I recently focused on playing around with ant colony AI (artificial intelligence) methods, as part of my second semester undergraduation project in Software Engineering.
Wikipedia's definition for Ant Colony Optimization is the following:
In computer science and operations research, the ant colony optimization algorithm (ACO) is a probabilistic technique for solving computational problems which can be reduced to finding good paths through graphs.Unlike previous posts, it is a multithreaded solution which runs best on a single machine and not in a cluster and this post is about TSP (Traveling Salesman Problem) and not about finding shortest paths in a graph.
At first, we have to decide which input we take. In my case, this task was a university assignment so I have to use the given one. It is the Berlin52 problem which should be solved with the less costly route along the 52 best known / famous places in Berlin.
You can download an euclidian 2D coordinate version of it here. Just look for the "berlin52.tsp.gz" file. There is also an already calculated optimal solution here.
Plotting the file is going to show a cool roundtrip:
|GnuPlot of the Berlin 52 Tour|
The file content looks quite like this:
1 565.0 575.0On the leftmost side is the ID of the vertex, in the middle is the x-coordinate and on the rightmost side is the y-coordinate in the euclidian plane.
2 25.0 185.0
3 345.0 750.0
4 945.0 685.0
This algorithm is a mimicry of the real-life behaviour of ants. As you might know, Ants are quite smart in finding their way between their colony and their food source. A lot of workers are walking through the proximate environment and if they find some food, they leave a pheromone trail.
Some of the other ants are still searching for other paths, but the most of them are following the pheromone trail- making this path even more attractive. But over time the pherome trail is starting to decay / evaporate, so it is losing its attractiveness. Due to the time component, a long way has a very low density of the pheromone, because the pherome trail along the longer path is evaporating faster. Thus a very short path has a higher density of pheromones and is more attractive to the workers converging onto an approximately optimal path for our TSP problem.
For the problem, we are dropping ants on random vertices in our graph. Each ant is going to evaluate the next best destination vertex based on this following formula:
The variable "Tau" is the amount of pheromone deposited on the edge between "xy". It gets raised by "alpha" which is a heuristic parameter describing how greedy the algorithm is in finding its path across the graph. This is going to be multiplied by our apriori knowledge of how "good" the edge is. In our case this is the inverted distance (1 / distance) between x and y. This gets raised by "beta" which is also a heuristic parameter, which describes how fast the ants are going to converge to a steady solution. To get a transition probability to a vertex, each gets divided by the sum of the numerator over all possible left destination vertices.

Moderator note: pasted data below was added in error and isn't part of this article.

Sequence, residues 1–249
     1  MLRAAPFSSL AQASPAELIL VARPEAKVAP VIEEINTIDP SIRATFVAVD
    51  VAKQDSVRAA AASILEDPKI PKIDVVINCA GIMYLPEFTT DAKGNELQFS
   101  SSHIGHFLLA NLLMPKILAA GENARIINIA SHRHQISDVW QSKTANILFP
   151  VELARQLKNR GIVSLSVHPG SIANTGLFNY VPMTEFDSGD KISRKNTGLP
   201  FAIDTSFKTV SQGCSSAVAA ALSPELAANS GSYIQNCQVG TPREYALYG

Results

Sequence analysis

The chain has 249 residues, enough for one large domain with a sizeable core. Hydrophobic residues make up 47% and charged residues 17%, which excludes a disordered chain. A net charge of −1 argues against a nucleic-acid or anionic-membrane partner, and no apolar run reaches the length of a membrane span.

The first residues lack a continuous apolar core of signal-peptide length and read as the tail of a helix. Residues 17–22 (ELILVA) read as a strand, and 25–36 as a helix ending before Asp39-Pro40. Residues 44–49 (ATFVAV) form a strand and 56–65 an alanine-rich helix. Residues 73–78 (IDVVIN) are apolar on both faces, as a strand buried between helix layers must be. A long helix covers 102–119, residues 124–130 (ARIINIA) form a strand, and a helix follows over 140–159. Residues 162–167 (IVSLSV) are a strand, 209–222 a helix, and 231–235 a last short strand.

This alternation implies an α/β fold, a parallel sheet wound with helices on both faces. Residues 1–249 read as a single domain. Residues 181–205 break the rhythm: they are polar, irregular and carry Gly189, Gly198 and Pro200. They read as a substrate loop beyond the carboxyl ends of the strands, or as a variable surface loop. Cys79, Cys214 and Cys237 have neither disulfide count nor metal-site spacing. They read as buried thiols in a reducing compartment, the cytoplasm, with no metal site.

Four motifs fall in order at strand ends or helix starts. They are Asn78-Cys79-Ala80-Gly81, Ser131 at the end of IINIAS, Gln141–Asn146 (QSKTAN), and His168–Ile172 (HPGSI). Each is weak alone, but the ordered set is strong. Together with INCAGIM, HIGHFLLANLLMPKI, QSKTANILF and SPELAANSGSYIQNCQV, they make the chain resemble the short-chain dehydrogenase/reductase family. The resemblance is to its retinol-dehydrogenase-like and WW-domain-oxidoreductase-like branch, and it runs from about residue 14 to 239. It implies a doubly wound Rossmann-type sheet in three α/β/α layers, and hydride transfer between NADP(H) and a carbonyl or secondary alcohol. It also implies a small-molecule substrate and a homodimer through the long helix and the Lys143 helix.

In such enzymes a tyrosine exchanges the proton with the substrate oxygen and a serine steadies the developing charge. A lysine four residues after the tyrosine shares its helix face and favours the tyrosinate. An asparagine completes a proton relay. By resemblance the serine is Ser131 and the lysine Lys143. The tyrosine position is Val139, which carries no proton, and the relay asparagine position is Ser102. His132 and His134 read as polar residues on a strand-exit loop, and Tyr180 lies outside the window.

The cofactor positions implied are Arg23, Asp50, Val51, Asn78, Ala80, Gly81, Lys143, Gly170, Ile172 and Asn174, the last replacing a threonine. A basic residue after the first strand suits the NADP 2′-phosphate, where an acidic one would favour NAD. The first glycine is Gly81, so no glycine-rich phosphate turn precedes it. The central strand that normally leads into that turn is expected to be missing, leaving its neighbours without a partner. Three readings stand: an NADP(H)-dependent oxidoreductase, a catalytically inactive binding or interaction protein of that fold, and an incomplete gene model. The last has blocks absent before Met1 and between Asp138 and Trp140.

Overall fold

The next equation is about adjusting the pheromone matrix, which is described by the following formula:
Finish! That is all we need to start the implementation!
The whole thing works like this:
- Initialize the best distance to infinity
- Choose a random vertex in the graph where to plant your ant
- Let the ant work their best paths using the formulas from above
- Let the ant update the pheromones on our graph
- If the worker returned with a new best distance update our currently best distance
- Start from 2. until we found our best path or we have reached our maximum amount of workers.
- Output the best distance
So let's see how we can multithread this.
How to Multithread
In this case, multithreading is very easy. Each worker unit (in my repository called "Agent") is a single thread. In Java we have a cool thread pool construct called ExecutorService and a completion service which tells us when workers finished.
We are submitting a few workers for to the pool, they work on the same resources and once completed we get a reponse of the completion service.
Woot? Shared resources? Yes we need some sort of synchronization. In our case when writing to the pheromone matrix. In my latest implementation I used lock-free updates using Guava's AtomicDouble.
The whole algorithm is not going to change, we are just working in parallel.
After a lot of parameter testing you can find a very good solution:
|Console output of my algorithm, finding a very close solution to the optimal distance for Berlin52|
Because there are a hell lot of parameters (5) in there, we have to write an testing utility which calculates the best parameters for our problem (aka GridSearch).
We only care about the distance to the optimal solution:
In the grid search we only want to keep the lowest possible mean distance to the optimal solution (measured over multiple repetitions) and a very low variance.
For Berlin52, the best parameters using 200k agents I found are:
Alpha = 0.1
Beta = 9
Q = 1e-4
P = 0.8
So feel free to check out the code in the repository and let it run.
And please feel free to use this as a hint for your own implementation, or even improve it via a pull request.
Thanks for your interest and have fun :-)